Kabbalah By Heart

Allison Gilbert, LMFT, Certified Kabbalah Coach

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It's All Found in Judaism

Posted on April 18, 2021 at 5:20 PM

Here's a thought, What if everything that is coming out now in the world of psychology and spirituality in modern times, was already discussed by our sages hundreds and thousands of years ago?  Well, it's completely True!  I have been taught by learning from Rav Doniel Katz that everything's been there all along but we just did not notice it.  Or I wonder, maybe it was too deep and we now have the secular world helping us to decode it. But when I look at certain quotes from our teachers of the past, I see "mindfulness", EMDR, IFS, and the "Law of Attraction".


So what are these quotes?

Here's one that sounds like "Mindfulness". It was originally published in 1808:

THE WORLD IS FAR FROM GOD BECAUSE WE DON'T SETTLE OUR MINDS

 The reason that people are distant and disconnected from God/Hashem and fail to grow closer to Him is simply because they lack yishuv ha’daas and are unable to settle and still their consciousness. Therefore, the main focus of a person’s quest - should be to attempt to settle and still ones daas fully. One should constantly consider: What is the purpose of all these desires I pursue, and all the distractions of this world, and where are they leading me? Both the bodily desires and sensory pleasures, as well those external to the body like the need to receive k'vod (honor) from others. If a person would meditate on this, they for sure they would soon be able to settle their daas and return and reconnect to the Divine. (Rabbi Nachman of Breslov, Likutey Moharan II, 10)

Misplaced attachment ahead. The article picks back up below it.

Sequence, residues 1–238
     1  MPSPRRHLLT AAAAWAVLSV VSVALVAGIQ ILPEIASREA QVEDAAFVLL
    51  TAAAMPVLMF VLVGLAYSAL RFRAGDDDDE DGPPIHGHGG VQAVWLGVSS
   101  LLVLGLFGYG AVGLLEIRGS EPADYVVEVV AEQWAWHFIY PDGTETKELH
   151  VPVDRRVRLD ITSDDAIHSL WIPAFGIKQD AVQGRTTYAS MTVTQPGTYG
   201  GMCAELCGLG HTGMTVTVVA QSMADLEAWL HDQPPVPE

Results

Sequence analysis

© Elevation OSB 2021.


Here's another one that seems similar to Mindfulness from a Rabbi who went through the Holocaust with his community, while watching all of his family murdered and finally being murdered himself with his entire community.  His writings were buried and found many years later in Warsaw, Poland where they were ghettoed. His writings are from the early 1930's:

HASHKATAH: MEDITATION FOR SILENCING THE MENTAL NOISE

PIASECZNA REBBE DERECH HAMELECH

A persons yesh (ego-consciousness) directly opposes hashraah mi’marom (the "coming down" and revealing of the Divine Consciousness within him.) When our own ego-based machshavos (thoughts) are busy and awakened within, it is hard for the Divine consciousness to penetrate through and be revealed. Therefore it is essential to learn how to silence the machshavos (thoughts) and ratzonov (desires and middos) that constantly flood a person’s consciousness, seemingly without end. Because the nature of machshavah is that each thought gets bound and entangled with the next—until it becomes extremely hard for a person to disconnect and free himself from them. The Piasetzna Rebbe gave very practical instructions on how to quiet one’s machshavos and silence the flow of thoughts. He said that the person should begin by observing his thoughts for a short period of time and consider in his mind “What am I thinking?” As a person continues to do so, they will slowly notice that their mind begins to empty, and their machshavos cease from their constant habitual flow.